Under Alberta’s privacy legislation, an organization that intends to transfer personal information outside of Canada for processing (e.g., outsourcing activities, including customer relationship management services) must previously have provided notice to individuals of its policy and procedures addressing such transfer. It must also provide contact information for a person who can respond to questions regarding such activities. 

Provincial privacy laws also apply to private sector employees, and cannabis businesses may have obligations in that regard as well.

Health information and privacy law issues

Cannabis businesses operating under license issued under the Cannabis Regulations, SOR/2018-144 ( “Regulation”) will necessarily have sensitive medical information due to the requirement to register clients.[5]  As such, licensed cannabis businesses operating under the Regulation will be subject to various provincial health information legislations.

In Ontario, for instance, the Personal Health Information Protection Act, S.O. 2004 governs how personal health information is handled. It requires express consent for disclosure of personal health information which could become an issue if the data is being transferred out of the province.[6] Other provinces have enacted substantially similar health information legislation.

Practical recommendations for cannabis businesses and their privacy practices

As canvassed above, the privacy law framework in Canada covers a wide ranging types of organizations and types of information. However, there are some requirements that are consistent across all regimes: developing a privacy policy; designating a privacy officer; ensuring third party vendors are compliant with relevant privacy laws; providing training to employees to identify instances of data breach; and being prepared to recognize and assess data incidents and notifying the appropriate regulator(s) as well as affected individuals where appropriate and/or required.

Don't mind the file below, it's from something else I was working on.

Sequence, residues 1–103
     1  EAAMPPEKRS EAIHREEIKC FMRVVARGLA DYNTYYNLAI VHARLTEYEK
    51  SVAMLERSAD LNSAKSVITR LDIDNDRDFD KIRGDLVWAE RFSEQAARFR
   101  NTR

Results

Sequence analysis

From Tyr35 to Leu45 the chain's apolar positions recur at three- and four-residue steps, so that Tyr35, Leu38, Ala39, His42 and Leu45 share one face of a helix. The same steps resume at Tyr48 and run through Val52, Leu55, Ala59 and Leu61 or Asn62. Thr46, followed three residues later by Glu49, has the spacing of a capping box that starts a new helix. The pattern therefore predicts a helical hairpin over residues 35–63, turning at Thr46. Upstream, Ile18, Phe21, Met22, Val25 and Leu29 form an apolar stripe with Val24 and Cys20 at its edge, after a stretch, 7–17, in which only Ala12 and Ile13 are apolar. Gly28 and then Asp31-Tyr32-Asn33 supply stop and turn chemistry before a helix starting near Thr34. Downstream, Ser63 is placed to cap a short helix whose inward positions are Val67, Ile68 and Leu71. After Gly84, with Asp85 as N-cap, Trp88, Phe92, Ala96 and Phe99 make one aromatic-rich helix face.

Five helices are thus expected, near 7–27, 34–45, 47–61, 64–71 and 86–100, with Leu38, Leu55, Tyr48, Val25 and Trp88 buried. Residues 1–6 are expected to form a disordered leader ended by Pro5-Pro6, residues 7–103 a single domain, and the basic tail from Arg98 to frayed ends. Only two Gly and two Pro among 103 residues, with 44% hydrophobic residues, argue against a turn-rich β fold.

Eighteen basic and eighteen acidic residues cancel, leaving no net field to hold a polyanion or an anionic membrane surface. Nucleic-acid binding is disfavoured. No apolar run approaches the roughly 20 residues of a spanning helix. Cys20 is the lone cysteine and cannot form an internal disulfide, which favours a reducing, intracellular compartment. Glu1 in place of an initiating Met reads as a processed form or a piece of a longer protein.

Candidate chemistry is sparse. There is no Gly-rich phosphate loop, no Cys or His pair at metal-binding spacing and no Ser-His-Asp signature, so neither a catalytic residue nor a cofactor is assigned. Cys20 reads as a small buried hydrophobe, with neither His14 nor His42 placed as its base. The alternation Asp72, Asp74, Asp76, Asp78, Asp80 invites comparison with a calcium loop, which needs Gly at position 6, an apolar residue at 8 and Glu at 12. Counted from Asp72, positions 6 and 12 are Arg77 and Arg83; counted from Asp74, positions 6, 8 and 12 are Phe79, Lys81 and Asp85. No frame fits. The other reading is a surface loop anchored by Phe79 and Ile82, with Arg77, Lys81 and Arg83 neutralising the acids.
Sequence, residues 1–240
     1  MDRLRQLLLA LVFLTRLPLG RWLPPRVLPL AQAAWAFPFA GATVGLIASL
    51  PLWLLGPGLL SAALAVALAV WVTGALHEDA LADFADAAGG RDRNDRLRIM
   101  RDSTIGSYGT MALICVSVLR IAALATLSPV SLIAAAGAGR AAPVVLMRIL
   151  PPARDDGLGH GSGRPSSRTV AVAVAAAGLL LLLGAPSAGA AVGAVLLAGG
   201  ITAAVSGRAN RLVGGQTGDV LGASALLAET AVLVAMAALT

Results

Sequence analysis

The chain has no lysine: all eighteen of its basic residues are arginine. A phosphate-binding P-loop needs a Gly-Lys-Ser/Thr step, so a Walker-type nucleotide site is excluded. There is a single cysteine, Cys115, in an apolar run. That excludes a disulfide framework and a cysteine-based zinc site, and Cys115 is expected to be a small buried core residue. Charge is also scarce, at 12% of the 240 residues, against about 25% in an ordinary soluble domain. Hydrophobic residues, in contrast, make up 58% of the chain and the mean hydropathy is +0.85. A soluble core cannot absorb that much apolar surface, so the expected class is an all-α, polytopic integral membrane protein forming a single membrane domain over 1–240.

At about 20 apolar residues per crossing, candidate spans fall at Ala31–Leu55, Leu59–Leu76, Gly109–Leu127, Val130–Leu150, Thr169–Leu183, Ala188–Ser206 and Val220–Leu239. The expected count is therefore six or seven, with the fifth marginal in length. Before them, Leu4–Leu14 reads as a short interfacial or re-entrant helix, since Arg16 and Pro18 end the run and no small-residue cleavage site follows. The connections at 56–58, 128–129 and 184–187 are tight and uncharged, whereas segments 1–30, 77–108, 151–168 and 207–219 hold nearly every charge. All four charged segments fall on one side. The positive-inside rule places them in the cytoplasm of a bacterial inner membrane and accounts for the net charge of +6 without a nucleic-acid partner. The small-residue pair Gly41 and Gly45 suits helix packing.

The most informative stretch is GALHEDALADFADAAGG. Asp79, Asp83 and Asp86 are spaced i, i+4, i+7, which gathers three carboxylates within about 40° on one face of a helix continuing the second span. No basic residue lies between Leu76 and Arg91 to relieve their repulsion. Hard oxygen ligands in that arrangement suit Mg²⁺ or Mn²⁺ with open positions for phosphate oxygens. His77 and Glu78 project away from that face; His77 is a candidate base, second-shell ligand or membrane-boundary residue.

Data, particularly personal information, is an increasingly important business asset in today’s digital economy, and cannabis businesses are embracing data uses being explored by other businesses – for instance, aggregating and/or anonymizing personal information for the purposes of performing analytics.

While much of this work will be of value internally, cannabis businesses will likely recognize their ability to generate revenue from derived insights, including customer segmentation and matching for the purposes of marketing.

Cannabis businesses which choose to participate in this emerging data ecosystem will need to be careful about obtaining appropriately scoped consents, as well as ensuring data ownership, licences, scope of use, and liability and indemnity provisions are addressed in any agreements with such third parties.

For more information about Denton’s data expertise and how we can help, please see our Transformative Technologies and Data Strategy page. For more information on Denton’s Cannabis practice, see our webpage here.  

1 See Office of the Privacy Commissioner of Canada, “Protecting personal information: Cannabis transactions”, December 2018.
2 Personal Information Protection Act, 2003 Chapter P-6.5; Personal Information Protection Act, SBC 2003, Chapter 63; Act Respecting the Protection of Personal Information in the Private Sector, CQLR c P-39.1.
3 S. 30.1 Freedom of Information and Protection of Privacy Act, RSBC 1996 [FOIPA]; s. 5 Personal Information International Disclosure Protection Act [PIIDPA].
4 S. 30.1(a) FOIPA; s.5(1)(a) PIIDPA.
5 S. 297(1) Regulation.
5 S. 29(1) PHIPA.

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Kirsten Thompson

About Kirsten Thompson

Kirsten Thompson is a partner in our Corporate group in Toronto and is the national lead of the Transformative Technologies and Data Strategy group. She is also a key member of the Privacy and Cybersecurity group. She has both an advisory and advocacy practice, and provides privacy, data security and data management advice to clients in a wide variety of industries.

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Karl Schober

About Karl Schober

Karl Schober is a Senior Associate with Dentons' Privacy and Cybersecurity group, and Transformative Technologies and Data Strategy practice. Based in Toronto, his thriving practice focuses on privacy compliance, emerging technologies, marketing and advertising, regulated products, and general consumer protection laws and regulations.

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Julia Ji

Julia Ji